THEO: Yeah. We have been privileged to have access to the art of Adi Da. In the last nine years of his life Adi Da created somewhere between a 100 & 200,000 images of art & these images directly express or convey his state of consciousness. & they happen to be some of the most extraordinary bright, colorful, intense art. & I have been serving Adi Da's mission since 2001 & in 2007 we did an event in San Francisco where we got to project Adi Da's art while live musicians were performing & this sparked an idea for me that, well, most of the music that was in play with Adi Da's art was what you might consider more conventionally devotional like either Indian music or softer type of music. Stuff that was more contemplative, shall we say. But this art is so powerful, so bold, so strong & so confronting even & I thought "Gee, this art rocks. This art might go with rock music." I had a kind of a problem to solve which was that how do you do something about a guru, something about the sacred in rock music which is supposed to be about rebellion, about freedom, about sex, about drugs & all those good things. How do you make that jump from rock's classic themes to something which some people might think 'are you trying to be religious rock?' A lot of people do think it's like Christian rock & actually Christian rock is kind of an inspiration in many ways. So, I had this issue, how do you convey the idea that this is a rock concert that's happening in sacred space? When we did our first experiment with this last year we projected Adi Da's art with a projector onto a screen, backdrop, that was over & behind the band & the effect, for me at least, was like so liberating. I felt like the color that was being projected onto the band was literally made by the divine person & instantly that art work for me invokes a sense of the sacred. So I didn't have to say to the audience 'Okay, this is a sacred rock concert, you're supposed to feel sacred now.' How do you do that, you know?
AJ: Yeah, yeah, yeah.
THEO: I don't have to literally say it. All we have to do is project this art & then the feeling of the lyrics & the music & the band just naturally convey that expression of ecstasy, of happiness, of liberation even.
AJ: I'll say, to back up what you're saying, Theo, that I discovered Adi Da Samraj in 2005 & at first I was like "Okay, just another guru, I'm not so interested." But, I immediately saw his art & I went "Wow, this guy's a great artist." I was overwhelmed by the art initially. & in the early days, to fill people in, he did a lot of photography work & then he later combined photographs into bigger images & just kept combining, combining & then was getting into actually drawing. So, it's very intensive, multi-layered, lots of stuff on top of stuff & it's pretty much unlike anything else out there. I don't know about you, but I've never seen anyone who compares to him. So it's definitely, when you were flashing it on the screen behind you, it's definetly like bang, you're in this space now! There's no sign that says applause or anything. It comes across so very much so what you're looking at.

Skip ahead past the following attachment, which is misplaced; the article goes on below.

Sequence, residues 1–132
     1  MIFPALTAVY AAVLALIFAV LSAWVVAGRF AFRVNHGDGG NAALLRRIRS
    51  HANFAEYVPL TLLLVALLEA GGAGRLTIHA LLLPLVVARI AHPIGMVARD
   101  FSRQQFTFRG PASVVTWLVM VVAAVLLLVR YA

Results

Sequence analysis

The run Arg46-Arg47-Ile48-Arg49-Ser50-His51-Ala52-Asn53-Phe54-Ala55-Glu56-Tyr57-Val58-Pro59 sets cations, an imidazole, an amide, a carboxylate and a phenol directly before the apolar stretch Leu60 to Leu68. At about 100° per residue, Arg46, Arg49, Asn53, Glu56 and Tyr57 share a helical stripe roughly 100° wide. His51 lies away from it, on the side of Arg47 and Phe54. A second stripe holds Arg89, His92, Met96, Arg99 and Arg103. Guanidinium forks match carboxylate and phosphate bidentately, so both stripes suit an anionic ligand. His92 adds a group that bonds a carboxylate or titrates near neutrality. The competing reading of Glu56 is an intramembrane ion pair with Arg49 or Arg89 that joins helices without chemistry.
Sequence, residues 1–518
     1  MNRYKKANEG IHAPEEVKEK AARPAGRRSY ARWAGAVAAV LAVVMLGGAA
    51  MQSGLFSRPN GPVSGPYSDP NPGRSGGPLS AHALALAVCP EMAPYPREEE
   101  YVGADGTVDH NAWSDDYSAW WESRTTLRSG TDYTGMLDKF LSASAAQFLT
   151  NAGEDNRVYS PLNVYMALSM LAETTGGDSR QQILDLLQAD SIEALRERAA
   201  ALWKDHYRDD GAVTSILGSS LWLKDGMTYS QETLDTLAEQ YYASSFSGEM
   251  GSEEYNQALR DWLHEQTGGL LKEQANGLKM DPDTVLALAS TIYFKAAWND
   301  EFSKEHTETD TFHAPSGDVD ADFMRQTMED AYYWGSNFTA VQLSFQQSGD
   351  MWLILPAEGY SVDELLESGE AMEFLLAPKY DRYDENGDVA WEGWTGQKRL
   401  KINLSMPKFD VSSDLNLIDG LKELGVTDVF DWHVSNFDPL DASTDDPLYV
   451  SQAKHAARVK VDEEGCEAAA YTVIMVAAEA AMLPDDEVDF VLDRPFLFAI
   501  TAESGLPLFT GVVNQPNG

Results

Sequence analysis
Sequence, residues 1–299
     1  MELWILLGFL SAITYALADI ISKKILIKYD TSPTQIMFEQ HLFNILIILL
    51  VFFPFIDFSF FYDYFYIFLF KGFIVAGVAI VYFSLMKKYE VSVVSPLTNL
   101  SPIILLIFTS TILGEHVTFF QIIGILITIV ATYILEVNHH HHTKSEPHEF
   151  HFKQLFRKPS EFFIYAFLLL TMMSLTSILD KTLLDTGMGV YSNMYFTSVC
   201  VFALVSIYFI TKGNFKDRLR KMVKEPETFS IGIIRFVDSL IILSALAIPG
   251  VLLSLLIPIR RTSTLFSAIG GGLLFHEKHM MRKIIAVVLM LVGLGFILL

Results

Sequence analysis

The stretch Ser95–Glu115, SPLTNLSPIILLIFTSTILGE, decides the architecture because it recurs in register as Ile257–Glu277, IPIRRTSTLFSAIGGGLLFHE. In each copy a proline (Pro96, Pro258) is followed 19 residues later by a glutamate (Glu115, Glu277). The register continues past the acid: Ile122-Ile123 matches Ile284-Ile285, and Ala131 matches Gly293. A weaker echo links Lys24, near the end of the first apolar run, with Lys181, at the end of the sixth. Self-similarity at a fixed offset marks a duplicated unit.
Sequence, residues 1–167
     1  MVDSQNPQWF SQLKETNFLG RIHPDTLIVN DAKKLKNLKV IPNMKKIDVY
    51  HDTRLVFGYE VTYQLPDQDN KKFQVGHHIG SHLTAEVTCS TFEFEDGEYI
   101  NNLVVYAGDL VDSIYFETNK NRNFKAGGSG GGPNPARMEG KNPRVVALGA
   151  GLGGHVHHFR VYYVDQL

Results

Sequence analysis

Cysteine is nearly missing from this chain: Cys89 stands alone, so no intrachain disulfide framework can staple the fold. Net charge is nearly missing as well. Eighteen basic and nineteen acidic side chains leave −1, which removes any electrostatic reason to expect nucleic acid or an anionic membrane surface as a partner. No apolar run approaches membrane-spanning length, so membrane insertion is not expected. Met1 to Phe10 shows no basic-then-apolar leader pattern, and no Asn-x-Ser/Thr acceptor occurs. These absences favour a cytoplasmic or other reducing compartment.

THEO: Exactly & it's an interesting story about how Adi Da's art kinda got me to become a devotee. Up to 2000 I'd been reading his books. I had instant recognition of who he was the first time I saw a picture of him & it kind of terrified me a little bit, because I felt like "Okay, this is it. This is the ultimate guru, teacher, god-man, that's ever going to exist, he's given the ultimate teaching for all now but now he's got all these demands, you know you've got to be a devotee & do all these vows & actually fulfill all these practices & I wasn't ready. So for many years I studied but kept my distance, in a way.
AJ: Very common actually.
THEO: Yeah. I had been pursuing a lot of other spiritual practices that whole time, including yoga, meditation, writing as a spiritual practice & a number of other things. Right around 2000 I felt like it wasn't working for me. I wasn't being able to overcome my fear, my worry & my guilt. I was actually feeling really stuck or depressed that I couldn't grow further or grow beyond this suffering of the self-contraction, the ego. So I kinda, in a way, reached the end of my alternatives & just around that time I get a phone call from a friend of mine. I can say his name. His name is Mark Cumming & he happens to be one of the most amazing visionary authors & public speakers. & he said "Hey, Theo, did you know that Adi Da is a major artist & he is looking for people in the art world who will come to see his art & respond to it, maybe help be an advocate, you know, to help get his art out there to the art world. & you get a chance to see Adi Da in person."